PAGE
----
A new research and education partnership between the University of Manitoba, Denmark’s Aarhus University, and the Greenland Institute of Natural Resources brings together more than 200 of the world’s leading Arctic researchers.
This summer, David Barnard, University of Manitoba President and Vice-Chancellor, met his counterparts from Denmark and Greenland to sign the Arctic Science Partnership (ASP) in Nuuk, Greenland’s capital.
“The Arctic is faced with enormous changes. Its climate is changing dramatically, while at the same time, interest in exploring for oil, gas and minerals in the Arctic regions is increasing,” Dr. David Barnard said. “To deal effectively with the new challenges these changes present, it is critical that we are at the forefront of research in these areas and are able to educate the public about the consequences.”
ASP brings together the scientific expertise, knowledge and infrastructures of these three countries, making a number of laboratories, research vessels, field equipment and field stations mutually available to the researchers, and providing exciting opportunities for employees and students to work across all three research institutions. The ASP will ensure synergy in research, education and dissemination of results to public, industry, policy makers and northerners.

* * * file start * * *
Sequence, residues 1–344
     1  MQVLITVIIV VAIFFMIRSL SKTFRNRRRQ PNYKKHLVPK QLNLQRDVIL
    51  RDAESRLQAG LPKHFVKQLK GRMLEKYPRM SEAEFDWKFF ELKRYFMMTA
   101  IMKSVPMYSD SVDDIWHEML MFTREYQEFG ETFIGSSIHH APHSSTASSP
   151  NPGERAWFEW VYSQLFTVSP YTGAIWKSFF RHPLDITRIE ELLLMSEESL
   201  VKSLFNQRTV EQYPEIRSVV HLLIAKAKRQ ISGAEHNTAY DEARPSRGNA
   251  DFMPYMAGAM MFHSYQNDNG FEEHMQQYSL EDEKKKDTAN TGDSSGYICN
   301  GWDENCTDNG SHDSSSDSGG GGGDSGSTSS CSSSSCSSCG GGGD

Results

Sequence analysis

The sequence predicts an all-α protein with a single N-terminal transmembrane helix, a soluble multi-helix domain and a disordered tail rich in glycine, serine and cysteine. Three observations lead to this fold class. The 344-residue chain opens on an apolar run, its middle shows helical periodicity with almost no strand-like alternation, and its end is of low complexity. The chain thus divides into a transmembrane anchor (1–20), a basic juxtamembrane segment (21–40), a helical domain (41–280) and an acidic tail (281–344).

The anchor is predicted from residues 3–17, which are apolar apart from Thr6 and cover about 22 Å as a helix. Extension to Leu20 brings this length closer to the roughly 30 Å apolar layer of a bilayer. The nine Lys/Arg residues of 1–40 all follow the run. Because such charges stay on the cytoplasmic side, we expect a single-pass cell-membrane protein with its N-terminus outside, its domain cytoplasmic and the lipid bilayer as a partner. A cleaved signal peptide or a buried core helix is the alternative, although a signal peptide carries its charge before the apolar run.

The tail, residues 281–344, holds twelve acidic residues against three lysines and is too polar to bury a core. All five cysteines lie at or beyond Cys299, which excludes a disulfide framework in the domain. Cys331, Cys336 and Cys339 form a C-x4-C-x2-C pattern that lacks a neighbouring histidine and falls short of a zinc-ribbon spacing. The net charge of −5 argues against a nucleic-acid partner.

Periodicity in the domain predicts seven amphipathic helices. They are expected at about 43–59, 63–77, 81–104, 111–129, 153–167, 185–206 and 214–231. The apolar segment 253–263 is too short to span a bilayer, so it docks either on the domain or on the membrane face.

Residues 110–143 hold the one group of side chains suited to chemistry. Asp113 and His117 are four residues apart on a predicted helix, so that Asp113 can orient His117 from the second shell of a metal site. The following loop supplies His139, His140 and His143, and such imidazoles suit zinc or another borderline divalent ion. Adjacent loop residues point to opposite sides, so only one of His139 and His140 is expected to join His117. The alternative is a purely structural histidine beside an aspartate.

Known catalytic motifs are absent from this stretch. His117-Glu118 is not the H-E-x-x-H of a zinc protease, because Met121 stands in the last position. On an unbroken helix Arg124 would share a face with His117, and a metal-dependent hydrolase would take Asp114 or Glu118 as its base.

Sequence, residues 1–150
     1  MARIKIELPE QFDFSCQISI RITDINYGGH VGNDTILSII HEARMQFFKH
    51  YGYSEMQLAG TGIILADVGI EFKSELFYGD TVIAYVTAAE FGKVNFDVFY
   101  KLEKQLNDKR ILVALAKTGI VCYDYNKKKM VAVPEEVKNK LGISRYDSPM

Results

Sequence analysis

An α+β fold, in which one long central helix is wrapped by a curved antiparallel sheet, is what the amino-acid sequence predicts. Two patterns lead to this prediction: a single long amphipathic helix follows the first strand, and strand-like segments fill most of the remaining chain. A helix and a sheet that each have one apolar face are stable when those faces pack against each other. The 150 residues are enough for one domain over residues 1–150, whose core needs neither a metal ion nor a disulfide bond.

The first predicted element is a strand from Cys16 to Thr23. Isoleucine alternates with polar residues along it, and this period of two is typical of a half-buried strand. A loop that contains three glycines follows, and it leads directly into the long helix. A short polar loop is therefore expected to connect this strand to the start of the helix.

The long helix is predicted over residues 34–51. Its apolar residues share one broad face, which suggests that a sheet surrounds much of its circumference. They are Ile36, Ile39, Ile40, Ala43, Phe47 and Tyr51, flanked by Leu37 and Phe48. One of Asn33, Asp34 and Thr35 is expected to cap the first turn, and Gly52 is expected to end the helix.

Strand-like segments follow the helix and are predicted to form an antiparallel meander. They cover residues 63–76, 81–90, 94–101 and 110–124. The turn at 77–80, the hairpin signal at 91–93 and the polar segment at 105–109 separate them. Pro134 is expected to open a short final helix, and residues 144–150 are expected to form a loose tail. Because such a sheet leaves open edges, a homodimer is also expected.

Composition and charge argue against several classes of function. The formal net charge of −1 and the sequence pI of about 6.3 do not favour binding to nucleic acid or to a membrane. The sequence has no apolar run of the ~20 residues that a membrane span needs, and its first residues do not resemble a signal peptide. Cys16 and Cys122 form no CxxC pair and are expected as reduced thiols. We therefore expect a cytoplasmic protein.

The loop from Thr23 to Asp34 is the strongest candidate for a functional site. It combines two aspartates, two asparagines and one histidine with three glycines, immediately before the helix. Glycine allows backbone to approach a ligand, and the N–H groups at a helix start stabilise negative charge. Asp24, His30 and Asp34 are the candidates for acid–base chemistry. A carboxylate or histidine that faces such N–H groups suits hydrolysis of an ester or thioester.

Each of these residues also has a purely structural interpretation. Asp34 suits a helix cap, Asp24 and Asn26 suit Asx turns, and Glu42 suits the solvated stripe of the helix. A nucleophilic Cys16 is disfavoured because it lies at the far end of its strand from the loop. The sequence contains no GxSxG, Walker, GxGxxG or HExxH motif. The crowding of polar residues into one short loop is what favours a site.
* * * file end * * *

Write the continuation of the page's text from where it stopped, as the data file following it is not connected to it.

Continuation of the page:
The researchers’ work covers a wide range of topics, from health sciences to socio-economics, to environmental and climate related issues.
The University of Manitoba has committed to ASP through the work of its Centre for Earth Observation Science (CEOS) and the recently announced Canada Excellence Research Chair (CERC) in Arctic Geomicrobiology and Climate Change.
In 2010, when the CERC funding was announced, The University of Manitoba transformed its sea ice research group into the world’s most comprehensive and innovative climate change institution: In addition to the new chair and the 17 researchers already involved in the sea ice research, the University invested in new laboratories, three new tenure track faculty positions, post-doctoral and research associate positions, graduate students and support staff, increasing the size of CEOS to more than 100 people.
The CERC Søren Rysgaard and CEOS director David Barber lead the ASP collaboration in Canada and are both are convinced that the ASP will quickly become recognized internationally as a preeminent force, attracting students and researchers from around the world who want to contribute to a large-scale, international effort at the highest scientific level.
“Through the recently established ASP, we will have an enormous, very valuable, logistical platform, which will offer our employees and student’s easy and low-cost access to icebreakers, research vessels and research stations in the Arctic area – something, which is usually not easily attainable,” says Søren Rysgaard.